ABC Nightline last night late aired a scathing report on Backpage.com, which reportedly pulled its adult ads section after facing a Senate committee. The video for the report is here. It will move on and play a second video (total 25 minutes).
Sunny Hostin from “The View” explained how Section 230 (of the 1996 Telecommunications Act, of Communications Decency Act, is supposed to work). It protects a site from what users (“other people”) post on it. But the reporter did ask, “shouldn’t a site owner know what’s on it’s site?”
Well, if you’re a company with tens of thousands of users, which is the scale you need for profits, that isn’t possible. That’s why we have Section 230.
But it appears that Backpage may have altered some ads; it if knew what was there, then it can’t credibly claim immunity. Or maybe it can, according to this site.
I presume that the Bloomberg article on Backpage’s conduct is factual enough to link to it, here.
The case is important because it can tempt Congress, especially in a new Trump administration with a president personally hostile to computers (“no computer is safe”) to eliminate Section 230 entirely, as merely protecting “gratuitous” speech that doesn’t carry its own weight but allows some users to pose grave asymmetric risks to others. In other words, all must sacrifice some freedom because of the behavior of the few, like giving an entire class detention in school for the behavior of two or three students – it happens.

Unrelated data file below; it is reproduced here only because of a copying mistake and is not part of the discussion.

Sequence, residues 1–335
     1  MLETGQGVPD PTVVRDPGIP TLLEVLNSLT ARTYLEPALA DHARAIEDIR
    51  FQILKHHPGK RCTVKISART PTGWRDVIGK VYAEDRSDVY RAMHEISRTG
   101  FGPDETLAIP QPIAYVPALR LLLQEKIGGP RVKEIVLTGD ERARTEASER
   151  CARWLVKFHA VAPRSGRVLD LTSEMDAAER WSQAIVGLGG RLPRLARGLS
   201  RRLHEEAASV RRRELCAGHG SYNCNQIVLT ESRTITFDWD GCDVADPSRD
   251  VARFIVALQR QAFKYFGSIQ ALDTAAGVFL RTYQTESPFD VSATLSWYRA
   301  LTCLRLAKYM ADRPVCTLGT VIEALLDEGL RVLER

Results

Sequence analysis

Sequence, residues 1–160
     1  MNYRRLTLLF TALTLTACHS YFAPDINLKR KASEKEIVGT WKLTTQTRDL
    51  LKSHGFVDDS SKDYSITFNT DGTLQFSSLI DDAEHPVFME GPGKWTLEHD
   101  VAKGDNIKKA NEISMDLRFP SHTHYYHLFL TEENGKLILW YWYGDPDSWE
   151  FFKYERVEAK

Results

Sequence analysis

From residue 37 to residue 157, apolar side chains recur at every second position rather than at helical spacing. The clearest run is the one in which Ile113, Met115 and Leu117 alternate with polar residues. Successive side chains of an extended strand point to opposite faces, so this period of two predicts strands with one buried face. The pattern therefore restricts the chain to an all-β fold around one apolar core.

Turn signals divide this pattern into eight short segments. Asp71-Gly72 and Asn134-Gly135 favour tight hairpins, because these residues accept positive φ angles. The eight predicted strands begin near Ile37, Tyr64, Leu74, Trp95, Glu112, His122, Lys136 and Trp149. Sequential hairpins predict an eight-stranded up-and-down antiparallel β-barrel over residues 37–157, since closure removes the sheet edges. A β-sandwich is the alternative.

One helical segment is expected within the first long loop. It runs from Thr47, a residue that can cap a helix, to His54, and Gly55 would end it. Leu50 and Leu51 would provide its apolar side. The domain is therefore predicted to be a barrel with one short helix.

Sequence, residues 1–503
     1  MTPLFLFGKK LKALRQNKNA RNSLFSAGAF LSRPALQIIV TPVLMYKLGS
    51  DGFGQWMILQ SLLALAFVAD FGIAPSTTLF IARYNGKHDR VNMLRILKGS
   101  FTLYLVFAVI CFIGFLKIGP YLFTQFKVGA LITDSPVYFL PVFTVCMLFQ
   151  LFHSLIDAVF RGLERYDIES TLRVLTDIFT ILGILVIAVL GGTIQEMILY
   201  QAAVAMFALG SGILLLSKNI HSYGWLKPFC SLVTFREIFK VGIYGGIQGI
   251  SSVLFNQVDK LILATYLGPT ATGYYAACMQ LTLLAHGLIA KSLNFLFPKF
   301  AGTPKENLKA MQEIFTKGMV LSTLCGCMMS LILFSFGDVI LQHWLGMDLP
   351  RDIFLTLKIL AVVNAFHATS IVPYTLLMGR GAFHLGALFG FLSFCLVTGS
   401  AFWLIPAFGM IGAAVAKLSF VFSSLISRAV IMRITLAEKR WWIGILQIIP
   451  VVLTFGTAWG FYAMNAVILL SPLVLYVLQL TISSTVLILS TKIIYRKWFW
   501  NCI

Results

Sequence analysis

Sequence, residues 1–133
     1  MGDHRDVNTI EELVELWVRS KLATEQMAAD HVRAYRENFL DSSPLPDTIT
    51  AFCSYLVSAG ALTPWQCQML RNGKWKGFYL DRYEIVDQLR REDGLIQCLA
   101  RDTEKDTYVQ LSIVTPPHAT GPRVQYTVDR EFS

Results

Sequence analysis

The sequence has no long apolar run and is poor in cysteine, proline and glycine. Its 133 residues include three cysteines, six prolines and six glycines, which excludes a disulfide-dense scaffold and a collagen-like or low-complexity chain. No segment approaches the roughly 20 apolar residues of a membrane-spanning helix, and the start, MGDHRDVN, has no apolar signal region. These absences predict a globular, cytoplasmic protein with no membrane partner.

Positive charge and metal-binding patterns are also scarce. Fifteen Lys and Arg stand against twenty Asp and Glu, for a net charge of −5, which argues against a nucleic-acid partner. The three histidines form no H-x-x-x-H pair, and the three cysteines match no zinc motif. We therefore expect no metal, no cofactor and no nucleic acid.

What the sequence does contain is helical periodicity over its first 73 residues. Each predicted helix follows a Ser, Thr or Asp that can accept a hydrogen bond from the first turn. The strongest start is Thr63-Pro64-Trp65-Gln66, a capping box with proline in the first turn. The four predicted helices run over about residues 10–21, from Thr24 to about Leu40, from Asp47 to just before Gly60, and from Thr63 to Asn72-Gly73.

But, then, how would the Supreme Court rule on the inevitable legal challenges. Congress could try to narrow any tightening of 230 to ad content rather than articles, but it could be hard to draw a clean line. Is an author’s page selling books an ad, especially if it takes credit cards directly?
ABC hasn’t put its latest video up yet. The report above is a few months old. The Backpage issue has been going on for quite some time, with courts using Section 230 to let it off the hook, but that could change now.
It would be instructive to compare Backpage’s use of Section 230 to that of Airbnb.
It would also be important to know how effective is law enforcement in protecting individual girls (underage) with case-by-case arrests and prosecutions of customers (like in NBC’s “To Catch a Predator” a few years ago).
Section 230 does not shield hosts for child pornography, but they are liable only if they know about it or see it themselves first; they don’t pro-actively screen for it (although Google now screens for digital watermarks of known images).